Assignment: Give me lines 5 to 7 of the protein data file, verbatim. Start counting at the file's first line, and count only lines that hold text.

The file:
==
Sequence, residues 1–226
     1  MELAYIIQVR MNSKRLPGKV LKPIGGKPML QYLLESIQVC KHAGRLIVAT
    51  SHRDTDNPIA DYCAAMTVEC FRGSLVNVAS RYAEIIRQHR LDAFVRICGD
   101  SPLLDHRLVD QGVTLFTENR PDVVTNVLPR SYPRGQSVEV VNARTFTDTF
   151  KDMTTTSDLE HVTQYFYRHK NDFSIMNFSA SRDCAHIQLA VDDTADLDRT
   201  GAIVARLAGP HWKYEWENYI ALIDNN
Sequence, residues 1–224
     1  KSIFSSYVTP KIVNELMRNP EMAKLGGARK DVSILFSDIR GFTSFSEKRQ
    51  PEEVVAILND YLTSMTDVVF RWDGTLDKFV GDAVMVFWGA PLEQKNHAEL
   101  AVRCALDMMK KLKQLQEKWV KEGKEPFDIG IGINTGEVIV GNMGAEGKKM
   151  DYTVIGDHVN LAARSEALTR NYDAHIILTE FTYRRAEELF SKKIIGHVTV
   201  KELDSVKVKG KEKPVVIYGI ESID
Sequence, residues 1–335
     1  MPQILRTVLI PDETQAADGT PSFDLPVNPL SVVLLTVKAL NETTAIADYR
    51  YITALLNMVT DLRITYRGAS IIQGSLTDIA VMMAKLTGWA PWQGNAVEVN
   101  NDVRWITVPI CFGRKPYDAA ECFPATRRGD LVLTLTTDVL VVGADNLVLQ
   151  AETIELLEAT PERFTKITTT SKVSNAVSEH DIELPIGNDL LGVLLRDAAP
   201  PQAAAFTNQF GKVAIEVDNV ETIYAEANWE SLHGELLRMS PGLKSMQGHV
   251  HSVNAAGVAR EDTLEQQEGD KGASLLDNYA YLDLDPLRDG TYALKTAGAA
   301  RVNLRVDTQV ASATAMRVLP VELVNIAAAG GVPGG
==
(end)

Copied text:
   151  KDMTTTSDLE HVTQYFYRHK NDFSIMNFSA SRDCAHIQLA VDDTADLDRT
   201  GAIVARLAGP HWKYEWENYI ALIDNN
Sequence, residues 1–224